I tapped the drunken man on the shoulder. “David,” I said, “we need your $2 cover charge.”
He whirled and punched me in the face.
Fortunately, not only was his aim a bit high so that his fist landed hard on my even harder forehead, but in seconds, we surrounded him with four nonviolent men who used non-pain compliance physical bulk to hustle him outside where we could talk him down.
(Irony Alert): This took place a few decades ago at a peace group benefit. We provided the band — friends of the peace movement — and the bar made out because we filled their place. We did our own bouncing, and David provided the only occasion that evening for such a need.
Nothing quite like getting smacked in the head at a peace dance, believe me.
I thought about it after, of course, and decided where I could have done a few things to make David far less likely to lose it.
When we think about it, virtually all of our human conflicts, by the time they erupt visibly or audibly or in the form of physical violence, are best managed long before that moment.
It’s all about the Benjamins. Franklin famously said, “an ounce of prevention is worth a pound of cure.”
But how does that work with humans in severe disagreement?
We can often anticipate conflict and that gives us a chance to act constructively long before something destructive could break out. Often the key is to simply acknowledge to ourselves this growing potential and to deal with it compassionately, respectfully and proactively. At most stages of the best conflict management, listening is vastly more important than talking.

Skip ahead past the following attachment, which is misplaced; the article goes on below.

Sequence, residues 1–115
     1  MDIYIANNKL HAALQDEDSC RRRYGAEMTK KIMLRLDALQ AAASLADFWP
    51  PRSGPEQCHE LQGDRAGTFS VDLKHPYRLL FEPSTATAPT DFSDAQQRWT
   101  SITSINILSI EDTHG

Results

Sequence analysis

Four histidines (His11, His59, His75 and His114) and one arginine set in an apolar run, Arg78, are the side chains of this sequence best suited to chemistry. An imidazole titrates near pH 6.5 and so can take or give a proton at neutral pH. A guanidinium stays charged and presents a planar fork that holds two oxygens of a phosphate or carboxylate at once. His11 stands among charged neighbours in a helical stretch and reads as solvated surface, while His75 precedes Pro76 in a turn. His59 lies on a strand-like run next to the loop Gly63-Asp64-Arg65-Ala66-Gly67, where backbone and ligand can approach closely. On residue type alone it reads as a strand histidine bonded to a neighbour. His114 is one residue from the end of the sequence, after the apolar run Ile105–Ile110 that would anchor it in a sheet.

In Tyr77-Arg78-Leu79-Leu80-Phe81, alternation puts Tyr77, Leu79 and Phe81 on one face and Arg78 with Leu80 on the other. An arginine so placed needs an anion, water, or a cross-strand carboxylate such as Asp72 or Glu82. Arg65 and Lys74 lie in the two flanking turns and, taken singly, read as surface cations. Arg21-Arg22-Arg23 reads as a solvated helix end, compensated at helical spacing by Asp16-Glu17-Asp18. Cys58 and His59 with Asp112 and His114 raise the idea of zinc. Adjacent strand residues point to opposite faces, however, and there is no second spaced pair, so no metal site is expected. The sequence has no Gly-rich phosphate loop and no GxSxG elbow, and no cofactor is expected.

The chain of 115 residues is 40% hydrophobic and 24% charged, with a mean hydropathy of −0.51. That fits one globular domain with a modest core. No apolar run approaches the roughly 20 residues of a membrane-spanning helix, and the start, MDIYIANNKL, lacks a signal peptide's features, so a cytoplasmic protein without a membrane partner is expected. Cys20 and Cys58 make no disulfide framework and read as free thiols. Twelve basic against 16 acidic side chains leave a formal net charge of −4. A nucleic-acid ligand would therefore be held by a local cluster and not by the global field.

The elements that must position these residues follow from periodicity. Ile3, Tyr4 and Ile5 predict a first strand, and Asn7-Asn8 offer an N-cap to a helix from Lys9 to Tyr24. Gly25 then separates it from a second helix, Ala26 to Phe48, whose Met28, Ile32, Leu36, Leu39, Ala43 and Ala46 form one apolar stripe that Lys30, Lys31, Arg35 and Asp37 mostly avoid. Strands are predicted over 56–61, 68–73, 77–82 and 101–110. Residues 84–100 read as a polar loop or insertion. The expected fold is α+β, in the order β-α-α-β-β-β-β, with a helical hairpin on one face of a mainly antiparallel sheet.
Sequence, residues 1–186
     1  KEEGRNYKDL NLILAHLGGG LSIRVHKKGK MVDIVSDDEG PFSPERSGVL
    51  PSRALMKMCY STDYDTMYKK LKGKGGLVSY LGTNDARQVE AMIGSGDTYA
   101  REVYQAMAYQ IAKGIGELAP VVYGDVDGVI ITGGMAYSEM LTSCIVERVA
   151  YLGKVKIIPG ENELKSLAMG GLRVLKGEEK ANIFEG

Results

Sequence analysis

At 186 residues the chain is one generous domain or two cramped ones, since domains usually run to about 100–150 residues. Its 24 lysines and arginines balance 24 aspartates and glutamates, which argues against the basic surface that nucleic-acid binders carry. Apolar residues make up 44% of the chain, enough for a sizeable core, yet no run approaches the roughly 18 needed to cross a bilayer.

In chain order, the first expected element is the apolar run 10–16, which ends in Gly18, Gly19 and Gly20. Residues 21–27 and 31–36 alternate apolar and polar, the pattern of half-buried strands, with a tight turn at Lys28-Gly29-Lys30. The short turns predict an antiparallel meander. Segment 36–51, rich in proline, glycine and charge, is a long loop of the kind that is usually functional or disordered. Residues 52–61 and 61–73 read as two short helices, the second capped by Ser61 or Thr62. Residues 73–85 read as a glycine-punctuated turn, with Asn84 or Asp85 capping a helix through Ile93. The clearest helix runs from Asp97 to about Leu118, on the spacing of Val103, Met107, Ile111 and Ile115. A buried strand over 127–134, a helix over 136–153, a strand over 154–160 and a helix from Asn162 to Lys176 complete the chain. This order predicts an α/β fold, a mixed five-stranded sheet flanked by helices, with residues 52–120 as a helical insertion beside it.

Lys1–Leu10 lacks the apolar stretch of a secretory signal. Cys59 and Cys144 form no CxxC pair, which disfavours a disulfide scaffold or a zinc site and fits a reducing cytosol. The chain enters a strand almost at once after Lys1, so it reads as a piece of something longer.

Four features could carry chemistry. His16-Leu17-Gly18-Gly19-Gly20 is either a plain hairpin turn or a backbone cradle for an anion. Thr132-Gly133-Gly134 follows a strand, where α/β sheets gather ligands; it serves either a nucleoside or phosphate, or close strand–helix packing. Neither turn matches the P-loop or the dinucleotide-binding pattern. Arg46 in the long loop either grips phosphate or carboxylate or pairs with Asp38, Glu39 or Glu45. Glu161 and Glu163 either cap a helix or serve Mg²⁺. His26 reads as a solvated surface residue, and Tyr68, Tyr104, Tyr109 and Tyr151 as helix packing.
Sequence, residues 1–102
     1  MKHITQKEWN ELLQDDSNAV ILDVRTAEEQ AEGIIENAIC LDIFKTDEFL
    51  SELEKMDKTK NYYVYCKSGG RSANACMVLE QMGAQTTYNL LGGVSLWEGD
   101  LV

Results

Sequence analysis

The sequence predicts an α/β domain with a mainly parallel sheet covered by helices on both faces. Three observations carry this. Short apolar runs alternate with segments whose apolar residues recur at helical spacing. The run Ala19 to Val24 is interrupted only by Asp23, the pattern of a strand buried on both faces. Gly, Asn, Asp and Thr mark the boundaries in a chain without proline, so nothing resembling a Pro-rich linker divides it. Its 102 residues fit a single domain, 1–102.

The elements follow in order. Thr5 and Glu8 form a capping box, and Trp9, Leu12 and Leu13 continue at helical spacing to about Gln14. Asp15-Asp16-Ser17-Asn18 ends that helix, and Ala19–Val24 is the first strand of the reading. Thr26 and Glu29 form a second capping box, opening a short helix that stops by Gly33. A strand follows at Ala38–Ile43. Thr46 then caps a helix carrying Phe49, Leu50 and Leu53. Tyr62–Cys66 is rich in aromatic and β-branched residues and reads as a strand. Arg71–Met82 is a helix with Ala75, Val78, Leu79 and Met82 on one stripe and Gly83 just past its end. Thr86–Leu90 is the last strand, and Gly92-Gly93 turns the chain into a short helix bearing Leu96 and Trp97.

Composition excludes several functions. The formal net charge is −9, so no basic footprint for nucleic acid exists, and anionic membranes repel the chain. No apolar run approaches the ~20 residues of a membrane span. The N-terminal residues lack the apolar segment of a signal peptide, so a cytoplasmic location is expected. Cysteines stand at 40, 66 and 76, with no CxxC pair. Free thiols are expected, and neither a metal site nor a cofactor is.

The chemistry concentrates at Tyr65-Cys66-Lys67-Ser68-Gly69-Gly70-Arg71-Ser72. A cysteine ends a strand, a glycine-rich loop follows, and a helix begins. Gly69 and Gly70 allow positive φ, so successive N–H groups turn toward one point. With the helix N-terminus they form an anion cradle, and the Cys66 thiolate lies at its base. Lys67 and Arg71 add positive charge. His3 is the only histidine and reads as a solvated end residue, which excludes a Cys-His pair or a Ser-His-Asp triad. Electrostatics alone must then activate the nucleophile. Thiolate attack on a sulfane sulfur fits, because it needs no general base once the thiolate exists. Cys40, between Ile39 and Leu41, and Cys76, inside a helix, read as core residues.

Of course there is no guarantee with any method of managing conflict. We have the horrifying record of violence in our cities, in our schools, in our workplaces, and in our homes to suggest that there are conflicts that cannot be foreseen and that are simply what nuclear war planners call a “BOOB” attack — a bolt out of the blue.
But what if we could “only” prevent the first 90 percent of destructive conflicts? I suspect that, given the extremely high cost of those adversarial outbursts, we would rationally choose to follow Ben’s sagacity.
This is why, in literally every class I teach at the upper division level in the university, students in their 20s, 30s and older remark at some point, “Geez, I wish they had taught me this in elementary school.”
In every one of those classes, I assign a midterm paper that is some form of autobiography of some aspect of conflict and conflict transformation. The instructions are basically to use our course materials to analyze how they have been exposed to, suffered from, managed, or are currently confronted by conflict.
Over the decades since I started teaching at colleges and universities, the overwhelming wish for much earlier conflict transformation education is a strong recurring theme as students reflect on their own histories and wish that they and those around them had more adaptive conflict prevention and de-escalation skills.
Perhaps if I had my life to live over, I would choose to be an elementary school teacher so I could do that education myself. But mostly, what I hope happens, is that these subjects are taught younger and younger by competent teachers who have taken such courses as they prepare to become the educators we need for our young ones.
Some schools already do such education — which is a good sign. And we need so much more.
I earned my doctorate in education, and there were zero courses in how to teach conflict transformation that were part of that degree.
This lack is costing us, as we see every day on the streets, in schools, in Congress, in our international relations, and in many families. This is certainly as important as any other subject taught to our children.
Turning out high school graduates who are adept at transforming destructive conflict into creative relationships could be a major factor in helping heal our divided, dysfunctional society.
The author is a conflict resolution coordinator at Portland State University